This post builds on the research article “Occupy Wall Street and the Economic Imagination,” which was published in the November 2014 issue of the Society’s peer-reviewed journal, Cultural Anthropology.
Cultural Anthropology has published numerous articles on banking crises, debt, and finance, including Nicholas D’Avella’s “Ecologies of Investment: Crisis Histories and Brick Futures in Argentina” (2014), Hadas Weiss’s “Home Ownership in Israel: The Social Cost of Middle-Class Debt” (2014) and the Theorizing the Contemporary series edited by Bill Maurer, “Finance.”
Cultural Anthropology has further published on activism and social movements, including the global Occupy movement, and their role in generating ethical openings, such as Michal Osterweil’s “Rethinking Public Anthropology through Epistemic Politics and Theoretical Practice” (2013), Amira Mittermaier’s “Bread, Freedom, Social Justice: The Egyptian Uprising and a Sufi Khidma” (2014), and the Hot Spot series on the global Occupy movement that included a dedicated a digital-resources page.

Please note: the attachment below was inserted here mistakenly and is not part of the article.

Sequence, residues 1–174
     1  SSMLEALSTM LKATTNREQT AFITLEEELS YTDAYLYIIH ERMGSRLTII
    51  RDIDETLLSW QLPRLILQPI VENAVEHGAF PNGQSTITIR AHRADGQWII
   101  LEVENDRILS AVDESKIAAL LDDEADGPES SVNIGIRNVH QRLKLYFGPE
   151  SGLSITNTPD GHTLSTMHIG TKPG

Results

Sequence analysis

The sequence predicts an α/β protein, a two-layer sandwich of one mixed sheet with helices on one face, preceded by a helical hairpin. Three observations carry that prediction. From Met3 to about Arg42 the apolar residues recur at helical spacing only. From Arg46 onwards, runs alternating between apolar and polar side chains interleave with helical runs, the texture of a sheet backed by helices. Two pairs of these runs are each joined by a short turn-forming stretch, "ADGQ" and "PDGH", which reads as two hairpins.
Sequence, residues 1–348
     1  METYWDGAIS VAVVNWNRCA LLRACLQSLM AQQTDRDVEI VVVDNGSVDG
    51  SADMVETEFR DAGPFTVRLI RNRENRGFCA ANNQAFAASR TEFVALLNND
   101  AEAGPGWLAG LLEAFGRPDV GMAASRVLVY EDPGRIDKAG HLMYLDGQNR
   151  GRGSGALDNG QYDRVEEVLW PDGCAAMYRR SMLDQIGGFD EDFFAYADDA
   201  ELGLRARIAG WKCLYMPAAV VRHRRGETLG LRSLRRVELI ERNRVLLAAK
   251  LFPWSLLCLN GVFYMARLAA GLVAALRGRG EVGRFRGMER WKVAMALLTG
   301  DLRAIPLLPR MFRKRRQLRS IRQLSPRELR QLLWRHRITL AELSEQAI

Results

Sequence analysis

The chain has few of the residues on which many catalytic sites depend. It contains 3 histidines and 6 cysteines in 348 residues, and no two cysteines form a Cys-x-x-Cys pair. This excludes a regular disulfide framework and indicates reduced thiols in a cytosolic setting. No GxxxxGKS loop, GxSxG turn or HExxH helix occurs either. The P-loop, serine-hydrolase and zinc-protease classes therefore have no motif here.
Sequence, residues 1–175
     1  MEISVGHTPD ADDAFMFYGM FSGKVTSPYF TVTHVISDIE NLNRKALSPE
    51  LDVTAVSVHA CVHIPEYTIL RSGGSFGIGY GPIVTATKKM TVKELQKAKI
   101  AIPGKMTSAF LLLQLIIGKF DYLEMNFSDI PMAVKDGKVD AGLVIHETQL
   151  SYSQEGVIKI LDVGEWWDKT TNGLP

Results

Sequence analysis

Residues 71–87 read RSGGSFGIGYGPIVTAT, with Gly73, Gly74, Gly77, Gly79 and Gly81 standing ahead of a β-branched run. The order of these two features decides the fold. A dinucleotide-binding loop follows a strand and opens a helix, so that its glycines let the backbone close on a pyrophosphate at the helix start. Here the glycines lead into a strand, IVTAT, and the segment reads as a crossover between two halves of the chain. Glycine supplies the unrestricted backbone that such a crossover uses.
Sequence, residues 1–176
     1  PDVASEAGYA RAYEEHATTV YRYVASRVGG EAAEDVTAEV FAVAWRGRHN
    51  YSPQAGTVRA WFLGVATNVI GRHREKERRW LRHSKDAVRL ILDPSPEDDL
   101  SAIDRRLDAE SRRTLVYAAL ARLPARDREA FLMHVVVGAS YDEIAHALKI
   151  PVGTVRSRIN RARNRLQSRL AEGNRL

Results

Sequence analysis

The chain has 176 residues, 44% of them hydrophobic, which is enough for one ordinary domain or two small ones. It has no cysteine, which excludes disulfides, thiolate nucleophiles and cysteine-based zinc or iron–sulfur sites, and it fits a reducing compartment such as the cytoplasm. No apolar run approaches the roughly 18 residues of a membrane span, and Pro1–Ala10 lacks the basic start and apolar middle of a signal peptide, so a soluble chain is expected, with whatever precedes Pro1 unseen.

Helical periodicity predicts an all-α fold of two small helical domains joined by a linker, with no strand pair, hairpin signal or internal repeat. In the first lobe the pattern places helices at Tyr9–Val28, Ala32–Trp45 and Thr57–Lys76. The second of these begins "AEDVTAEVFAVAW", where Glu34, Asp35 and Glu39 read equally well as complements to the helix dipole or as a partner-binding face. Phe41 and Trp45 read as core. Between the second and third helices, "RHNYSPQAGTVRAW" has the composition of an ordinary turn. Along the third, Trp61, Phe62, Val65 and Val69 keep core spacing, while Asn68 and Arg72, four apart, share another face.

About the Author
Hannah Appel is an assistant professor in the Department of Anthropology at the University of California, Los Angeles. She thinks and writes about the economic imagination, and more specifically, the daily life of capitalism, the private sector in Africa, and the re-emergent dialogue between economics and anthropology. Her current book project—Futures: the Licit Life of Hydrocarbon Capitalism in Equatorial Guinea—dwells on questions of infrastructure, the contract and the corporate form, and the ethnographic life of Equatorial Guinea’s national economy in the wake of oil. She also works extensively with Strike Debt and the newly formed Debt Collective, projects that work to reimagine finance, capitalism, and economic possibilities, and demand that the tools of critical theory be tested and sharpened in public praxis.
Hannah Appel has recently done an interview with Tavis Smiley on the work of the Debt Collective.
More Works by Hannah Appel
The articles below are also available from Appel’s faculty page.
2012. “Offshore Work: Oil, Modularity, and the how of capitalism in Equatorial Guinea.” American Ethnologist 39, no. 4: 692–702.
2012. “Walls and White Elephants: Oil Extraction, Responsibility, and Infrastructural Violence in Equatorial Guinea.” Ethnography 13, no. 4: 439–65.
2014. “Finance is Just Another Word for Other People’s Debts: An Interview with David Graeber.” Radical History Review, no. 118, 159–73.